“Don’t you see how gentle we’ve been? We might have called Clewer in to look at you,” said Stalky. “‘The bleatin’ of the tiger excites the kid.’ But we didn’t. We’ve only got to tell a few chaps in Coll. about this and you’d be hooted all over the shop. Your life wouldn’t be worth havin’. But we aren’t goin’ to do that, either. We’re strictly moral suasers, Campbell; so, unless you or Seffy split about this, no one will.”
“I swear you’re a brick,” said Campbell. “I suppose I was rather a brute to Clewer.”
“It looked like it,” said Stalky. “But I don’t think Seffy need come into hall with cock-eye whiskers. Horrid bad for the fags if they saw him. He can shave. Ain’t you grateful, Sefton?”
The head did not lift. Sefton was deeply asleep.
“That’s rummy,” said McTurk, as a snore mixed with a sob. “‘Cheek, I think; or else he’s shammin’.”
“No, ‘tisn’t,” said Beetle. “‘When ‘Molly’ Fairburn had attended to me for an hour or so I used to go bung off to sleep on a form sometimes. Poor devil! But he called me a beastly poet, though.”
“Well, come on.” Stalky lowered his voice. “Good-by, Campbell. ‘Member, if you don’t talk, nobody will.”
There should have been a war-dance, but that all three were so utterly tired that they almost went to sleep above the tea-cups in their study, and slept till prep.
“A most extraordinary letter. Are all parents incurably mad? What do you make of it?” said the Head, handing a closely written eight pages to the Reverend John.
“‘The only son of his mother, and she a widow.’ That is the least reasonable sort.” The chaplain read with pursed lips. “If half those charges are true he should be in the sick-house; whereas he is disgustingly well. Certainly he has shaved. I noticed that.”
“Under compulsion, as his mother points out. How delicious! How salutary!”
“You haven’t to answer her. It isn’t often I don’t know what has happened in the school; but this is beyond me.”
“If you asked me I should say seek not to propitiate. When one is forced to take crammers’ pups —”
“He was perfectly well at extra-tuition — with me — this morning,” said the Head, absently. “Unusually well behaved, too.”
“— they either educate the school, or the school, as in this case, educates them. I prefer our own methods,” the chaplain concluded.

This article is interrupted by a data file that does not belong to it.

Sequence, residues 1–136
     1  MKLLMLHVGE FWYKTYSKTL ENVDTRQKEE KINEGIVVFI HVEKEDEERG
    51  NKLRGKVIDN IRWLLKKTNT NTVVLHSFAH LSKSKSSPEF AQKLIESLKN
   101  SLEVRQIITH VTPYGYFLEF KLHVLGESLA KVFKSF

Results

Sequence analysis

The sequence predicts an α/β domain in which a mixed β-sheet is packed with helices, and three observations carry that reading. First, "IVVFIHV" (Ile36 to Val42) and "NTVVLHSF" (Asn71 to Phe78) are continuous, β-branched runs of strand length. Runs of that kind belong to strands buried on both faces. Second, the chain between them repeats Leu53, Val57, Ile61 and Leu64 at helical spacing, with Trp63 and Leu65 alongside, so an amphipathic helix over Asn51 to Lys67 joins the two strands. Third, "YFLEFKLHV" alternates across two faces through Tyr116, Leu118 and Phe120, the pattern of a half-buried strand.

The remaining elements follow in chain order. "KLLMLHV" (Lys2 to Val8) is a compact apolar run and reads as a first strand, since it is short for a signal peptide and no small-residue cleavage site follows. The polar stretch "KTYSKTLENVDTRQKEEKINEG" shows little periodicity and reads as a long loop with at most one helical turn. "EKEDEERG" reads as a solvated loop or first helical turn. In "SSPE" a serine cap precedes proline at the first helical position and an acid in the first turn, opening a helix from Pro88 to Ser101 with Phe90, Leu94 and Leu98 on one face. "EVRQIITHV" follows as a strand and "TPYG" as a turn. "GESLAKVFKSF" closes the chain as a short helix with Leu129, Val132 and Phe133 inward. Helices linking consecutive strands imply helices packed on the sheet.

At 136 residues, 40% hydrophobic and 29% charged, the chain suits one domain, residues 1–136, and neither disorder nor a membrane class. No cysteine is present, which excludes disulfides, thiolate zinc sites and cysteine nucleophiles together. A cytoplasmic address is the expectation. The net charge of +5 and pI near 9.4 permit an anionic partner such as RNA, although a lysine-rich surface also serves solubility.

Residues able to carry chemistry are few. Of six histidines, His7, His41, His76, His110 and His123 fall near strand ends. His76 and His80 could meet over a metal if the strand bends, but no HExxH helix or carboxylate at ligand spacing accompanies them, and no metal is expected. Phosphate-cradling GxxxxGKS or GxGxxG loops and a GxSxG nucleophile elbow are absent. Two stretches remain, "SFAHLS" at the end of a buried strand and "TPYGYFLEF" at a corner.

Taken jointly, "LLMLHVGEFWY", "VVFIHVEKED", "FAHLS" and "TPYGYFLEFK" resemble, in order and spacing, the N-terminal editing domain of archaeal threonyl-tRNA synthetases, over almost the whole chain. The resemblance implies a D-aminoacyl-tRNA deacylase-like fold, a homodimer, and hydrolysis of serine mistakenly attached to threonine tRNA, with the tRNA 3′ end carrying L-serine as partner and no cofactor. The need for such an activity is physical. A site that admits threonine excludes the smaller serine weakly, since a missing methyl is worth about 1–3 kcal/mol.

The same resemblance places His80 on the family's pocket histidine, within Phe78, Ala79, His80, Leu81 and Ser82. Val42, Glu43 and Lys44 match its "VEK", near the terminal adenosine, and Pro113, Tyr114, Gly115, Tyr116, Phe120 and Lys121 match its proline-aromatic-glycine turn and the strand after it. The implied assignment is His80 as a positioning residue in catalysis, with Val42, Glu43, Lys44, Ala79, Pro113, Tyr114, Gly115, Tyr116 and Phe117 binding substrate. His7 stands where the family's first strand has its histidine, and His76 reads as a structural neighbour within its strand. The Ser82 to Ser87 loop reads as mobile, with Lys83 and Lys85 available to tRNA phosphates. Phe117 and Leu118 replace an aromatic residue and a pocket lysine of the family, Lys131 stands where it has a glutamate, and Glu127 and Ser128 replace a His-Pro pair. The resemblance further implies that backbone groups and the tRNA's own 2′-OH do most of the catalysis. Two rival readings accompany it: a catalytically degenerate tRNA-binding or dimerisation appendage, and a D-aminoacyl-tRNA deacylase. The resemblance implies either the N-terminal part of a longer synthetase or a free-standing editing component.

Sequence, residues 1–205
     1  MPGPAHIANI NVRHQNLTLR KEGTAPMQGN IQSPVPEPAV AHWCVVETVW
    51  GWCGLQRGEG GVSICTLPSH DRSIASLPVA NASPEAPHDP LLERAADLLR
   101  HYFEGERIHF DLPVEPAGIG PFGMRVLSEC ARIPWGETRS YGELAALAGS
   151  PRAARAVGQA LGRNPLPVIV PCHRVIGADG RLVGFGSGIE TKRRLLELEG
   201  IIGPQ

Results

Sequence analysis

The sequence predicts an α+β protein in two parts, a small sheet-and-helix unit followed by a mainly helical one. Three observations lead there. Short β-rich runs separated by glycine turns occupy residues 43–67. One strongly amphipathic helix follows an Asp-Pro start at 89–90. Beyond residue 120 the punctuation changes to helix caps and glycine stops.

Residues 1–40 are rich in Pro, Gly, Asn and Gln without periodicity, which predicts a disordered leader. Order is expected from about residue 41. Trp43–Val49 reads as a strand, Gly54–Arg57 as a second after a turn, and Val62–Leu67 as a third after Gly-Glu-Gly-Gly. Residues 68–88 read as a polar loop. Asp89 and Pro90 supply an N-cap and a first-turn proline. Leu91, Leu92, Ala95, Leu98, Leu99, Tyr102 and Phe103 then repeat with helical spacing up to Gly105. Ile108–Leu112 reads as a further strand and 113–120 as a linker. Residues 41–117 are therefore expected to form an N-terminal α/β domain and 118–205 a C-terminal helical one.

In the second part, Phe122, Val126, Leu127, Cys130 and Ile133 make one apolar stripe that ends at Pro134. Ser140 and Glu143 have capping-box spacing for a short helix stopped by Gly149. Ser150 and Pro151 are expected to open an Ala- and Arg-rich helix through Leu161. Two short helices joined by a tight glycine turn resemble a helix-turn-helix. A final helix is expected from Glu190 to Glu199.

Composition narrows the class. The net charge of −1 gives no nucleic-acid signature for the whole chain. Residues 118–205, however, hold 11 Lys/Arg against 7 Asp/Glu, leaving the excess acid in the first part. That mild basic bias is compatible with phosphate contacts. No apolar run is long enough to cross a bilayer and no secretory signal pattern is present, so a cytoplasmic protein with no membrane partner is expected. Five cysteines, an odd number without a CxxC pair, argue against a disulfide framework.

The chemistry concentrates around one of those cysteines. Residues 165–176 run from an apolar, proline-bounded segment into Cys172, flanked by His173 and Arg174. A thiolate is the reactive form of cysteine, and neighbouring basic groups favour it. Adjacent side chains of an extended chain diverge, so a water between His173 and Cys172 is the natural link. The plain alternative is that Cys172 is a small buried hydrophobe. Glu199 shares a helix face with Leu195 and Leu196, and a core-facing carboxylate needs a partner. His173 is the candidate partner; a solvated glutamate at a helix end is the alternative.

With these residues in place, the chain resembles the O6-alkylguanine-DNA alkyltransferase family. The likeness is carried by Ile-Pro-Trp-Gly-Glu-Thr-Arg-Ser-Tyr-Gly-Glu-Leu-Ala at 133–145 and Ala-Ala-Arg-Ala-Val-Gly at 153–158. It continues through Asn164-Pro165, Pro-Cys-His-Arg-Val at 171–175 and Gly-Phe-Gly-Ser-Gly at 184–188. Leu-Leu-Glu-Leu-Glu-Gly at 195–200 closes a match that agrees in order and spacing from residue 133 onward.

“You think it was that?” A lift of the Head’s eye-brow.
“I’m sure of it! And nothing excuses his trying to give the College a bad name.”
“That’s the line I mean to take with him,” the Head answered.
The Augurs winked.
A few days later the Reverend John called on Number Five. “Why haven’t we seen you before, Padre?” said they.
“I’ve been watching times and seasons and events and men — and boys,” he replied. “I am pleased with my Tenth Legion. I make them my compliments. Clewer was throwing ink-balls in form this morning, instead of doing his work. He is now doing fifty lines for — unheard-of audacity.”
“You can’t blame us, sir,” said Beetle. “You told us to remove the — er — pressure. That’s the worst of a fag.”
“I’ve known boys five years his senior throw ink-balls, Beetle. To such an one have I given two hundred lines — not so long ago. And now I come to think of it, were those lines ever shown up?”
“Were they, Turkey?’ said Beetle unblushingly.
“Don’t you think Clewer looks a little cleaner, Padre?” Stalky interrupted.
“We’re no end of moral reformers,” said McTurk.
“It was all Stalky, but it was a lark,” said Beetle.
“I have noticed the moral reform in several quarters. Didn’t I tell you you had more influence than any boys in the Coll. if you cared to use it?”
“It’s a trifle exhaustin’ to use frequent — our kind of moral suasion. Besides, you see, it only makes Clewer cheeky.”
“I wasn’t thinking of Clewer; I was thinking of — the other people, Stalky.”
“Oh, we didn’t bother much about the other people,” said McTurk. “Did we?”
“But I did — from the beginning.”
“Then you knew, sir?”
A downward puff of smoke. “Boys educate each other, they say, more than we can or dare. If I had used one half of the moral suasion you may or may not have employed —”
“With the best motives in the world. Don’t forget our pious motives, Padre,” said McTurk.
“I suppose I should be now languishing in Bideford jail, shouldn’t I? Well, to quote the Head, in a little business which we have agreed to forget, that strikes me as flagrant injustice . . . What are you laughing at, you young sinners? Isn’t it true? I will not stay to be shouted at. What I looked into this den of iniquity for was to find out if any one cared to come down for a bathe off the Ridge. But I see you won’t.”
“Won’t we, though! Half a shake, Padre Sahib, till we get our towels, and nous sommes avec vous!”
Last updated Monday, December 22, 2014 at 10:52